Year. “Chinese people work so hard,” my grandfather said when I asked him about his experiences with entrepreneurship. “Work every day, no air conditioning, no vacation. But we get to live in America, better than China.” But like entrepreneurship today, my grandfather innovated as he saw the market moving. When he realized men in his community were wearing fewer collared shirts as the 1960s progressed into the early 1970s, he changed his business to a Chinese restaurant. Through his work, he was able to bring his mother, wife and son from China to live in America, have five more children, and send all six of his children to college. To
him, the work was not a sacrifice, but rather an opportunity, available to him here in America when it wouldn’t have been anywhere else. His ability to create the future he wanted for himself remains an inspiration for me.
My parents were also entrepreneurs. My father, like his father, was supported by the Chin Family Association, and had a chain of Chinese restaurants in Northern New Jersey beginning in the 1980s. My mother, an early adopter of female entrepreneurship, began her journey of entrepreneurship with Edulink for Children, a company that taught computer literacy to preschool children in the early 1990s, and continued in education entrepreneurship by launching a Kumon Center franchise location later in the 1990s. As a result, I grew up seeing entrepreneurship, for all of its flaws and freedoms. I saw that my parents could coach a team or
volunteer during the day at school events, but also that every single night was a late night. I saw the financial struggle of making a business grow, and the frustrations when things didn’t go to plan. I saw that employing others was complicated and time-consuming, and that meeting the legal requirements put on businesses was onerous. But I also saw the joy. I saw the joy of creation, the pleasure of providing someone a good meal, the satisfaction of teaching a child to read. Most of all, I learned that businesses are an incredible tool for the owner’s personal development, forcing you to learn and grow in ways you couldn’t imagine possible without your business.
That inheritance of entrepreneurship is a gift from my family that makes me stronger in running my business, and more useful in serving my clients each and every day. So many women have not had the incredible example of watching a woman successfully run and own a business that I experienced with my mother in my childhood; that example makes me confident and powerful in my own work. Many entrepreneurs are unprepared for the struggle and sacrifice required to establish a business; the history and story of my great-grandfather, grandfather and father makes my journey feel a little bit easier. I am grateful for their example and their sacrifice, and for the privilege of being an entrepreneur whose life is dedicated to helping others live their entrepreneurial dream each day.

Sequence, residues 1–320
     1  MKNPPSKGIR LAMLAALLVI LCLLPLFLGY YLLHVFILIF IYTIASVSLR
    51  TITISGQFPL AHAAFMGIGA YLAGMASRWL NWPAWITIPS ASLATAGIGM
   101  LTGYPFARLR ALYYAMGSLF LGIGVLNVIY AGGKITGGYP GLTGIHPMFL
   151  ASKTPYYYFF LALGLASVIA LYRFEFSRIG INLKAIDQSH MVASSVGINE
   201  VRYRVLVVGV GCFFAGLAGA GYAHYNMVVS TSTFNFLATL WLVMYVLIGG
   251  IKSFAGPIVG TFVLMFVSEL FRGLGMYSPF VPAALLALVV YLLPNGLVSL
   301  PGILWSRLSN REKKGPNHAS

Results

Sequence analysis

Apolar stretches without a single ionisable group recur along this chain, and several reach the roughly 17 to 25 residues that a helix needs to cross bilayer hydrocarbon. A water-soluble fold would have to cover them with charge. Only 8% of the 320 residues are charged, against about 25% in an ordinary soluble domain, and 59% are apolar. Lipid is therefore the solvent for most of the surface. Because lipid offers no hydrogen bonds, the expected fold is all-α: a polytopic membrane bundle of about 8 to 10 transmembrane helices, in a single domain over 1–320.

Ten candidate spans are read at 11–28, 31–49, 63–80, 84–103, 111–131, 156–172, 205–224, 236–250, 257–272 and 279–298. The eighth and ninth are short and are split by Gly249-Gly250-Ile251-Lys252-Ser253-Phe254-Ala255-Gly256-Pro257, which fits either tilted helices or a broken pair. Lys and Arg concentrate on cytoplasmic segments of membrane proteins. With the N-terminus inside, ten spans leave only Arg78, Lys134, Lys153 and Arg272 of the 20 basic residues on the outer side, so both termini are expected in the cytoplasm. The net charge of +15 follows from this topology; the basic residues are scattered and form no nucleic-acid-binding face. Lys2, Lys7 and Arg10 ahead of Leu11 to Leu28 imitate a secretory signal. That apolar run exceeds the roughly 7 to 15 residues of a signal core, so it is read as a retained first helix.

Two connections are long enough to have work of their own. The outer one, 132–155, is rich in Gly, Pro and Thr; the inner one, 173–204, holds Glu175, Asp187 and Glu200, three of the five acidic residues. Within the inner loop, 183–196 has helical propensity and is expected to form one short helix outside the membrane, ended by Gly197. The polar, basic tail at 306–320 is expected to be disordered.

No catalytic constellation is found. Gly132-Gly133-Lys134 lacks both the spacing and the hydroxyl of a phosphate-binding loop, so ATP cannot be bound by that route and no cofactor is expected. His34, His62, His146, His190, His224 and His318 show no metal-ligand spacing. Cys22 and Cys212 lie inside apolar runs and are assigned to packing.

Alice W. Chin is the co-founder and CEO of Your Other Half, a human resources and operations firm that helps small business grow. After graduating from Barnard, Alice began her career in Human Resources at Newsweek and Allen & Overy, before co-founding Your Other Half with her husband in 2010. A fourth-generation entrepreneur, Alice is passionate improving the success rate of small businesses in the U.S., by partnering with founders to create happy, profit-generating teams. A firm believer in the importance of community service, Alice co-founded the Barnard Alumnae Mastermind Program, served as a member of the Alumnae Association of Barnard College’s Professional Leadership and Development Committee, mentored entrepreneurs at NYU’s Game Center Incubator and the American Corporate Partners Program, and is currently serving as a member of the PLDC sub-committee BEnet (Barnard Entrepreneur’s Network). She lives in northeast PA with her husband Phil, and their dog, Muggle. Alice loves connecting with entrepreneurs, leaders, and any community-oriented person and can be reached at firstname.lastname@example.org.